From foreign policy to flip-flopping, Columbia drivers are adopting personal spins on the campaign season’s political debates.
Efforts to save the historic railroad bridge that spans the Missouri River at Boonville have new life.
The Boonville City Council has passed a resolution to preserve the bridge that Union Pacific plans to demolish as early as December.
In the final days before Tuesday’s highly anticipated election, campaign volunteers have been fighting to bring the last few undecided voters to their side.
The challenges vary, however, for volunteers in small towns such as Moberly and those in bigger cities such as Columbia.
As far as the airport’s administration is concerned, all that stands between Kansas City International Airport and domination of mid-Missouri’s air travel market is 30 minutes.
According to mapquest.com, that’s how much longer it takes to drive the 145 miles from the intersection of Providence and Broadway in Columbia to Kansas City Airport versus the 122 miles to Lambert St. Louis International Airport.
ST.LOUIS- The St. Louis Cardinals, fresh off their World Series loss, have dismissed their hitting coach because of an alcoholism problem, a newspaper reported Sunday.
Mitchell Page, the Cardinals’ hitting coach for 3 1/2 seasons, was informed of the team’s decision Thursday by general manager Walt Jocketty and manager Tony La Russa, according to STLtoday.com, the Web site of the St. Louis Post-Dispatch.
Hickman’s Drew Huckla, at 5 feet, 10 inches and 190 pounds, looks more like a football team’s fullback than a soccer team’s goalkeeper.
Opposing strikers are finding out that Huckla brings the physicality of football to a sport known more for finesse and touch.
KANSAS CITY- On a day dominated by offense, it took a defensive back to settle things.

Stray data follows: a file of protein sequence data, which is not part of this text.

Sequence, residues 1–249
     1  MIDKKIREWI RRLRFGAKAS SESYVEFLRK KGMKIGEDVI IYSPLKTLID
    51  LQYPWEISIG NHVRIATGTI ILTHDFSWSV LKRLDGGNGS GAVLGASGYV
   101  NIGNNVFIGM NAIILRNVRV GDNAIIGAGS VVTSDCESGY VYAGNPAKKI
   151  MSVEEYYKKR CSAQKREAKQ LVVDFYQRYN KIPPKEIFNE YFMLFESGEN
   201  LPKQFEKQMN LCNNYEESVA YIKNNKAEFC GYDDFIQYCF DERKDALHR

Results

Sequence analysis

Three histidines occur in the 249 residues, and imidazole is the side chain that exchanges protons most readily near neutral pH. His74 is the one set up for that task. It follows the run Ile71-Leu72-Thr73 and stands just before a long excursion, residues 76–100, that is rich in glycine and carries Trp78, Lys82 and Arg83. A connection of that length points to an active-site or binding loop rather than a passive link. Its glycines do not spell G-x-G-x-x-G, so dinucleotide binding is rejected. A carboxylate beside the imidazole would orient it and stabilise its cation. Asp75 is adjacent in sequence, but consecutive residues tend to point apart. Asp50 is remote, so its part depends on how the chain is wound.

Indianapolis star Peyton Manning had thrown five touchdown passes when he lofted the ball into Kansas City’s end zone with just under 2 minutes left Sunday. This time, the catch in the end zone belonged to Chiefs safety Greg Wesley, who returned the ball 65 yards to seal Kansas City’s 45-35 victory.
LINCOLN, Neb. – As bad as it played against Nebraska, Missouri’s offense had chances to get back in the game.
With a little more than five minutes left Saturday, the Tigers had their best chance, a first-and-goal at the 8-yard line. Although the offense failed to score, it never would have had those chances without the defense’s continued stout play. The defense again proved itself and highlighted an otherwise disappointing 24-3 loss to the Cornhuskers.
About 50 people showed up at MU’s physics building Thursday to hear a spin on the Bush administration’s science and technology policy.
Mary Good, former undersecretary of technology administration during the Clinton administration, made the case that Americans need to take a good look at the role science plays in the nation — regardless of who wins the presidency Tuesday.
U.S. Sen. Kit Bond greeted a crowd of scientists, professors and community members for the opening of the National Center for Soybean Biotechnology at MU on Thursday.